Hsp70 and CHIP Selectively Mediate Ubiquitination and Degradation of Hypoxia-inducible Factor (HIF)-1 alpha but Not HIF-2 alpha
ABSTRACT Hypoxia-inducible factors (HIFs) are transcription factors that mediate adaptive responses to reduced oxygen availability. HIF-alpha subunits are stabilized under conditions of acute hypoxia. However, prolonged hypoxia leads to decay of HIF-1alpha but not HIF-2alpha protein levels by unknown mechanisms. Here, we identify Hsp70 and CHIP (carboxyl terminus of Hsc70-interacting protein) as HIF-1alpha-interacting proteins. Hsp70, through recruiting the ubiquitin ligase CHIP, promotes the ubiquitination and proteasomal degradation of HIF-1alpha but not HIF-2alpha, thereby inhibiting HIF-1-dependent gene expression. Disruption of Hsp70-CHIP interaction blocks HIF-1alpha degradation mediated by Hsp70 and CHIP. Inhibition of Hsp70 or CHIP synthesis by RNA interference increases protein levels of HIF-1alpha but not HIF-2alpha and attenuates the decay of HIF-1alpha levels during prolonged hypoxia. Thus, Hsp70- and CHIP-dependent ubiquitination represents a molecular mechanism by which prolonged hypoxia selectively reduces the levels of HIF-1alpha but not HIF-2alpha protein.
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ABSTRACT: HIF-1α is degraded by oxygen-dependent mechanisms but stabilized in hypoxia to form transcriptional complex HIF-1, which transactivates genes promoting cancer hallmarks. However, how HIF-1α is specifically regulated in hypoxia is poorly understood. Here, we report that the histone methyltransferase SET9 promotes HIF-1α protein stability in hypoxia and enhances HIF-1 mediated glycolytic gene transcription, thereby playing an important role in mediating cancer cell adaptation and survival to hypoxic stress. Specifically, SET9 interacts with HIF-1α and promotes HIF-1α protein stability in hypoxia. Silencing SET9 by siRNA reduces HIF-1α protein stability in hypoxia, and attenuates the hypoxic induction of HIF-1 target genes mediating hypoxic glycolysis. Mechanistically, we find that SET9 is enriched at the hypoxia response elements (HRE) within promoters of the HIF-1-responsive glycolytic genes. Silencing SET9 reduces HIF-1α levels at these HREs in hypoxia, thereby attenuating HIF-1-mediated gene transcription. Further, silencing SET9 by siRNA reduces hypoxia-induced glycolysis and inhibits cell viability of hypoxic cancer cells. Our findings suggest that SET9 enriches at HRE sites of HIF-1 responsive glycolytic genes and stabilizes HIF-1α at these sites in hypoxia, thus establishes an epigenetic mechanism of the metabolic adaptation in hypoxic cancer cells.Biochimica et Biophysica Acta (BBA) - Molecular Cell Research 01/2015; 1853(5). DOI:10.1016/j.bbamcr.2015.01.011 · 5.30 Impact Factor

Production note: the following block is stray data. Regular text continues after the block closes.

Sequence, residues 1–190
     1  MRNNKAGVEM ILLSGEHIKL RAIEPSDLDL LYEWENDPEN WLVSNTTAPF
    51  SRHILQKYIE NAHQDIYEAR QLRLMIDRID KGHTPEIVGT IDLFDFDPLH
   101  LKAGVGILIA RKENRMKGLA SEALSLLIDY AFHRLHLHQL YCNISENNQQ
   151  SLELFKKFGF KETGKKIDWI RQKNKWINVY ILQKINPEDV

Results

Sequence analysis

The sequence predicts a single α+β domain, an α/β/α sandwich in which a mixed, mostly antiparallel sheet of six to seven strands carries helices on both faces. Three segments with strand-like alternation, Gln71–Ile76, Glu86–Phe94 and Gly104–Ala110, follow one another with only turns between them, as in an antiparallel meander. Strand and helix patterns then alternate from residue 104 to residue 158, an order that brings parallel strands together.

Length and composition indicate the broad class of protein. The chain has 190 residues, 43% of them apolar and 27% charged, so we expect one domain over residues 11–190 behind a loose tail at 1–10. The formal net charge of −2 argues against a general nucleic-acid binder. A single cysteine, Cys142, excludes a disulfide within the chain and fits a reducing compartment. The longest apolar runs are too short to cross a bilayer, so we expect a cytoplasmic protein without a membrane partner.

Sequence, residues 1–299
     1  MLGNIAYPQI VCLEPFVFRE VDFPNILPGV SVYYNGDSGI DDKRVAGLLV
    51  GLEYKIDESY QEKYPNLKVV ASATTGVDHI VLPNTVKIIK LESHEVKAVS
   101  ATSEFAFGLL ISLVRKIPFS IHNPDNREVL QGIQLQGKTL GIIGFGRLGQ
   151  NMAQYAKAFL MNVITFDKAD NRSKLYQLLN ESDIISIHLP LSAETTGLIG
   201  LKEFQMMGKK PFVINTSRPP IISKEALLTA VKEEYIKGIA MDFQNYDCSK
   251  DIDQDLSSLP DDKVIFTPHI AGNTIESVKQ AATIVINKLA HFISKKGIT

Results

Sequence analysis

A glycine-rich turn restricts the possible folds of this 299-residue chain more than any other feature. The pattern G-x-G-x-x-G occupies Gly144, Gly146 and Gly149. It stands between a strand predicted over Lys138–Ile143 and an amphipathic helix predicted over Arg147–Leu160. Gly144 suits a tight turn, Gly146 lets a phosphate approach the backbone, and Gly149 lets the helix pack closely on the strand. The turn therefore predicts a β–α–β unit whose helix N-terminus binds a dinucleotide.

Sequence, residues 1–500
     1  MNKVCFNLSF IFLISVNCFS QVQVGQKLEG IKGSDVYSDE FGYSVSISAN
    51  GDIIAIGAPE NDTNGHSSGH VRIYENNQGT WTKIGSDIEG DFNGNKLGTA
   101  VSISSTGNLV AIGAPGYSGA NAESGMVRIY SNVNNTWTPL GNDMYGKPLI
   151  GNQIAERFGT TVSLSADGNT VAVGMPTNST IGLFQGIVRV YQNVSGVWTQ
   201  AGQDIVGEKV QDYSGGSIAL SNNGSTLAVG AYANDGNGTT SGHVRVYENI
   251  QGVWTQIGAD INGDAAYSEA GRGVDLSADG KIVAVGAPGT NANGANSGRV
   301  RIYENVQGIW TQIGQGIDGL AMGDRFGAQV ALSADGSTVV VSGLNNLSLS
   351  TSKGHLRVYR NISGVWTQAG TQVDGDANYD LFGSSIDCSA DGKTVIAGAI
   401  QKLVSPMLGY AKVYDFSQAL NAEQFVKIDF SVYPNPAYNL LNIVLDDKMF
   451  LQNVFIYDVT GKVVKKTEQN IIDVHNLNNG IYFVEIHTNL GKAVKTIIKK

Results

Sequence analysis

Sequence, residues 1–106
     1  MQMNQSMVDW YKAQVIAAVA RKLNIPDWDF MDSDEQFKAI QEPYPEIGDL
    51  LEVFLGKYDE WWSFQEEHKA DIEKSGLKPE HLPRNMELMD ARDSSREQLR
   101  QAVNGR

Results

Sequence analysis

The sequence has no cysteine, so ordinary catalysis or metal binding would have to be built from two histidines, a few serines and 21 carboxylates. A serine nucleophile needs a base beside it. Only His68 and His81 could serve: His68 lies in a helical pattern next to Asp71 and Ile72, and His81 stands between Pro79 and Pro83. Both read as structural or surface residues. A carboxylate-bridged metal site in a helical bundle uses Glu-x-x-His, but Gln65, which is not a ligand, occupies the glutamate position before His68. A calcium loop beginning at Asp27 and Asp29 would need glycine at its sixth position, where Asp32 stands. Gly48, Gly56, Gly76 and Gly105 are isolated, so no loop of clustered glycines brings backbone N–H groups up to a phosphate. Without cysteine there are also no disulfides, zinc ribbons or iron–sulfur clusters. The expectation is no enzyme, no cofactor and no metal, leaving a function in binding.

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ABSTRACT: MCM proteins are components of a DNA helicase that plays an essential role in DNA replication and cell proliferation. However, MCM proteins are present in excess relative to origins of replication, suggesting they may serve other functions. Decreased proliferation is a fundamental physiological response to hypoxia in many cell types, and hypoxia-inducible factor 1 (HIF-1) has been implicated in this process. Here, we demonstrate that multiple MCM proteins bind directly to the HIF-1α subunit and synergistically inhibit HIF-1 transcriptional activity via distinct O(2)-dependent mechanisms. MCM3 inhibits transactivation domain function, whereas MCM7 enhances HIF-1α ubiquitination and proteasomal degradation. HIF-1 activity decreases when quiescent cells re-enter the cell cycle, and this effect is MCM dependent. Exposure to hypoxia leads to MCM2-7 downregulation in diverse cell types. These studies reveal a function of MCM proteins apart from their DNA helicase activity and establish a direct link between HIF-1 and the cell-cycle machinery.Molecular cell 06/2011; 42(5):700-12. DOI:10.1016/j.molcel.2011.03.029 · 14.46 Impact Factor
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ABSTRACT: The pyruvate kinase isoforms PKM1 and PKM2 are alternatively spliced products of the PKM2 gene. PKM2, but not PKM1, alters glucose metabolism in cancer cells and contributes to tumorigenesis by mechanisms that are not explained by its known biochemical activity. We show that PKM2 gene transcription is activated by hypoxia-inducible factor 1 (HIF-1). PKM2 interacts directly with the HIF-1α subunit and promotes transactivation of HIF-1 target genes by enhancing HIF-1 binding and p300 recruitment to hypoxia response elements, whereas PKM1 fails to regulate HIF-1 activity. Interaction of PKM2 with prolyl hydroxylase 3 (PHD3) enhances PKM2 binding to HIF-1α and PKM2 coactivator function. Mass spectrometry and anti-hydroxyproline antibody assays demonstrate PKM2 hydroxylation on proline-403/408. PHD3 knockdown inhibits PKM2 coactivator function, reduces glucose uptake and lactate production, and increases O(2) consumption in cancer cells. Thus, PKM2 participates in a positive feedback loop that promotes HIF-1 transactivation and reprograms glucose metabolism in cancer cells.Cell 05/2011; 145(5):732-44. DOI:10.1016/j.cell.2011.03.054 · 33.12 Impact Factor